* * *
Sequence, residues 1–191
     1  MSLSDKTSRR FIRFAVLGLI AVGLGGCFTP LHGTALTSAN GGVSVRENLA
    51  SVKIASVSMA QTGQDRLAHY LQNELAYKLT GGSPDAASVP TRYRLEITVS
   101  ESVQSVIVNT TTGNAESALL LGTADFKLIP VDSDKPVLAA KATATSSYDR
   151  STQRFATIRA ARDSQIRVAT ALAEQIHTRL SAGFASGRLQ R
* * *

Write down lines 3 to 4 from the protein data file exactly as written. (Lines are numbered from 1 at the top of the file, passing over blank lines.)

    51  SVKIASVSMA QTGQDRLAHY LQNELAYKLT GGSPDAASVP TRYRLEITVS
   101  ESVQSVIVNT TTGNAESALL LGTADFKLIP VDSDKPVLAA KATATSSYDR